At the core of the relationship between Pakistan and Afghanistan is the question of the international border that divides the two nations. The Durand Line that is the de facto border divides the Pashtun tribal lands and many tribal societies. This line is not recognised by Afghanistan as a proper border. Successive Afghan governments of all political affiliations have refused to recognise the Durand Line as the international border.
It is an arbitrary line drawn by the colonial British Indian administration to facilitate administrative efficiency. A treaty between the British and successive Afghan kings continued to accept the division till as late as 1921. However, starting with the division of the sub-continent and the granting of independence to India and Pakistan in 1947, the Afghan government repudiated the sanctity of the old treaty and the Durand Line. It is noteworthy that the Taliban government of the 1990s—propped up and recognised by Pakistan—also refused to accept the Durand Line as the border and did not drop the long-standing Afghan claim to Pakistan territory east of the Line.
Currently the Afghan government is critically dependent on Pakistan to ensure the flow of trade and commerce. However, there is recognition that this cycle of dependency has to be broken if the nation is move ahead towards a semblance of peace and stability. The tripartite treaty with India and Iran is an important first step in this direction. Obviously Pakistan is not comfortable with the initiative and the direction it is taking. The Pakistan Army, controlling the nation’s foreign policy with an iron hand, is not able to fathom the underlying needs of the Afghan people. It continues to support the Taliban while vehemently denying such support even in the face of irrefutable evidence. This is an embarrassment. However, the discomfiture does not seem to affect the military leadership who brazenly continue their double-dealings. Pakistan’s Afghanistan policy is a prime example of the failure of its foreign policy. More importantly it is an indication of the military establishment being completely out of touch with the reality of contemporary geo-politics.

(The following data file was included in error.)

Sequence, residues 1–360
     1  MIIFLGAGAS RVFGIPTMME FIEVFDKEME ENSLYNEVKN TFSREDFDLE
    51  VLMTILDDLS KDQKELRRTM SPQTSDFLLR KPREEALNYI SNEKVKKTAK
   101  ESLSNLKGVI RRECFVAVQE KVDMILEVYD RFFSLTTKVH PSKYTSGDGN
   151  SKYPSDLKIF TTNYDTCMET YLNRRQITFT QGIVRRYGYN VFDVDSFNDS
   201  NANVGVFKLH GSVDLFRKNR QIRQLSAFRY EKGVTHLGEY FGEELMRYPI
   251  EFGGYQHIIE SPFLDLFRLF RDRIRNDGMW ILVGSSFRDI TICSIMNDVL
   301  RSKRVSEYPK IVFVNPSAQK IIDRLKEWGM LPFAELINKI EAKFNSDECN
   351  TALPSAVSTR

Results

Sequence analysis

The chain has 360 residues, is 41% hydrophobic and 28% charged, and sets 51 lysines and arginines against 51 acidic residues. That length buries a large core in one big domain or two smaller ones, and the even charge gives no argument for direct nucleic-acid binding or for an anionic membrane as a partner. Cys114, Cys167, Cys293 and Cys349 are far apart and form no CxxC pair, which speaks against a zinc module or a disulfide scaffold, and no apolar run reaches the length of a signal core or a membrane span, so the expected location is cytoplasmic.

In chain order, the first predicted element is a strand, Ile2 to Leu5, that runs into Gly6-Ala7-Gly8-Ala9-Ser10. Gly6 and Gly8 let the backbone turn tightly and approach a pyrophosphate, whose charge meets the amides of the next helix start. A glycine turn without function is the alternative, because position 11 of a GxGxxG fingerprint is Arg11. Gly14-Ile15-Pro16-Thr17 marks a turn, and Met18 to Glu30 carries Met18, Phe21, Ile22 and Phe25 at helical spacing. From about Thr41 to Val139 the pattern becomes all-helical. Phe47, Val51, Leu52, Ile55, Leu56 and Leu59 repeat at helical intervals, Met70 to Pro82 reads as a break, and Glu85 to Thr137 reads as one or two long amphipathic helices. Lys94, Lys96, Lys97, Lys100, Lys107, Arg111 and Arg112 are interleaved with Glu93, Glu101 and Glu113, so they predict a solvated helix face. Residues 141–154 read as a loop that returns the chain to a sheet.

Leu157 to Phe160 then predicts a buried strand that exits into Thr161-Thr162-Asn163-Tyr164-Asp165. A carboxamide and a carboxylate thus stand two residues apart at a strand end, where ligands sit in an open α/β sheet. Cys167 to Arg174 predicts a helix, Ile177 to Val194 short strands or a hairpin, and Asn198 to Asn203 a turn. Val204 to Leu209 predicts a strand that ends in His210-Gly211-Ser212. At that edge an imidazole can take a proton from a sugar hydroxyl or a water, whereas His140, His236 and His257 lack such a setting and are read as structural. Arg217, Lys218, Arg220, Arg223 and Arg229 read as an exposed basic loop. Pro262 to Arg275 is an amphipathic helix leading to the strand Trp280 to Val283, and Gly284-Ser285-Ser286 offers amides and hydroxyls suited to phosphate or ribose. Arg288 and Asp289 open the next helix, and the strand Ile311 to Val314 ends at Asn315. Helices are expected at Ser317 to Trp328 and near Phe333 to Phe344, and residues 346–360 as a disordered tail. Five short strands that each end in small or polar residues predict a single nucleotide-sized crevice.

In the proverbial ostrich-like fashion, Pakistan continues to pursue its ideology of hate and intolerance. A case in point is the systematic persecution of the Ahmadia sect that started as early as in 1947 on the eve of independence. This was despite the fact that the first foreign minister of independent Pakistan, Muhammad Zafrullah Khan, was himself an Ahmadia. The persecution was given tacit and indirect legal sanction through some ordnances passed by the dictator General Zia-ul-Haq and also by the democratic government of the Pakistan People’s Party, successively led by the Bhutto father and daughter team.
State-backed religious zealotry, unchecked at the national, provincial and local levels, has triggered and nurtured the growth of extremism in Pakistan. The zealotry is so deep rooted that it has even spread to the Pakistani diaspora living in Europe and elsewhere, as indicated by the killing of an Ahmadia shop keeper in the UK and the distribution of leaflets calling for the killing of Ahmadias. The State—whether represented by the Army or the civilian government—has lost control in Pakistan and has abrogated all responsibility for the well-being of the people. The national narrative has been hijacked by rogues and assassins who spread terrorism across the globe in the name of religious jihad. Pakistan’s use of terrorism as an instrument of state policy has now come home to roost. The Army has reached a stage where it is incapable of doing anything about this, having painted itself and the nation into a corner. The collapse of ‘normalcy’ is writ large in the future of Pakistan.
First published in at sanukay.wordpress.com